Pork producers who manage to produce pigs that test negative to the porcine reproductive and respiratory syndrome virus should be able to enjoy the fruits of their labor in the form of improved pig performance and better financial returns.

But increasingly, the ability to carry out that goal is being cut short in the hog-dense regions of the Corn Belt, says Tim Loula, DVM, Swine Vet Center, St. Peter, Minn.

PRRS was first diagnosed in the United States in 1987. Despite many and varied efforts to control the virus, it seems to grow worse every year, Loula expressed his lament in a talk at the American Association of Swine Veterinarians annual meeting in March in Phoenix, Ariz.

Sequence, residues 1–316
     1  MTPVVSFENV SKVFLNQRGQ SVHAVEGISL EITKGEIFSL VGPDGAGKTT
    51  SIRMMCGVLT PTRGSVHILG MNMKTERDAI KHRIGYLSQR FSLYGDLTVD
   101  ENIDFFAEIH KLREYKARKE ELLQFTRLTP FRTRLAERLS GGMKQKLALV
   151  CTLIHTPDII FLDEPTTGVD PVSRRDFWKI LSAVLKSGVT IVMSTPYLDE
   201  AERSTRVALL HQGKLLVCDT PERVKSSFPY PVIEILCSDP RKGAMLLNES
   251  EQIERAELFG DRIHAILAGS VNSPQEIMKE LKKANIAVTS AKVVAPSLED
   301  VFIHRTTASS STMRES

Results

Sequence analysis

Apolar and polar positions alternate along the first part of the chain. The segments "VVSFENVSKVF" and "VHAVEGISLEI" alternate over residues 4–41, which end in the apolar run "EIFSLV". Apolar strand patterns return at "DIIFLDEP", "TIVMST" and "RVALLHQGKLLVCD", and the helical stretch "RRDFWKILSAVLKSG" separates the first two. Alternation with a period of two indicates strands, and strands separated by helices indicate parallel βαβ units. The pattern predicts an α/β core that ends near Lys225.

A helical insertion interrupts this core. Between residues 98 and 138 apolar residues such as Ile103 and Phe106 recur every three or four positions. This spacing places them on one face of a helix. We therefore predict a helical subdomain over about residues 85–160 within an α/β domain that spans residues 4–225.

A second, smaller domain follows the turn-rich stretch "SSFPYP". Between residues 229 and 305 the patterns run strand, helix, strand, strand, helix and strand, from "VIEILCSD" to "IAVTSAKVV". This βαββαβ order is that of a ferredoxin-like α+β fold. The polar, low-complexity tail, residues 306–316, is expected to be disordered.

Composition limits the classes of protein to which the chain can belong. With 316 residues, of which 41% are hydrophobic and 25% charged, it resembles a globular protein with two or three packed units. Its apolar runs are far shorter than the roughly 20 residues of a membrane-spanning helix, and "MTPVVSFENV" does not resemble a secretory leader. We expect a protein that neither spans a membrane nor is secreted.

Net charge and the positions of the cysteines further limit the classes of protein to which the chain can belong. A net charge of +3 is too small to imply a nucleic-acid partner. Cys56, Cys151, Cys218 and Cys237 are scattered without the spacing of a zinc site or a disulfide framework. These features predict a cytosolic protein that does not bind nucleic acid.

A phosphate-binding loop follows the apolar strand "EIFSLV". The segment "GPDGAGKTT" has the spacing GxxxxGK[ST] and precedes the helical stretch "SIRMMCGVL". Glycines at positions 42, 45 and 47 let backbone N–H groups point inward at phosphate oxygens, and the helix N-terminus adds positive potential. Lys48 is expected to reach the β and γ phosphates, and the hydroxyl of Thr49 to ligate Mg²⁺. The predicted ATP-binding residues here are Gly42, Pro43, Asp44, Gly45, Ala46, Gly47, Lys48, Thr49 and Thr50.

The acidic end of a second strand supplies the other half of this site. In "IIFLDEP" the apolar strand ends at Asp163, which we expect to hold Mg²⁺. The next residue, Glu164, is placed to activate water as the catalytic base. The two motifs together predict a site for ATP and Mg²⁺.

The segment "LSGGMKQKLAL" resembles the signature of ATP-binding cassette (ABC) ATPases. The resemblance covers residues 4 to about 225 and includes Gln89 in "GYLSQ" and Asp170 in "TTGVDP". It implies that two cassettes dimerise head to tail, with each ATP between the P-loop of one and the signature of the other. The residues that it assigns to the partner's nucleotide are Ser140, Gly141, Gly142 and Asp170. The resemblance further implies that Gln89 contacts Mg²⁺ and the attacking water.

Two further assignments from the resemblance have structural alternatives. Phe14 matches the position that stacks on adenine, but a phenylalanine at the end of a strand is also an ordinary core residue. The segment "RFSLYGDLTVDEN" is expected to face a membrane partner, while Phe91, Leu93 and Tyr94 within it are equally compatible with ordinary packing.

PRRS strains continue to grow in number, severity and transmissibility; the virus has evolved into an “aerosol transmission pathogen,” he says.

PRRS outbreaks are often complicated by swine influenza virus, Mycoplasma pneumonia and sometimes porcine circovirus type 2. The result is that the grow-finish disease complex has become much more challenging to manage, Loula observes.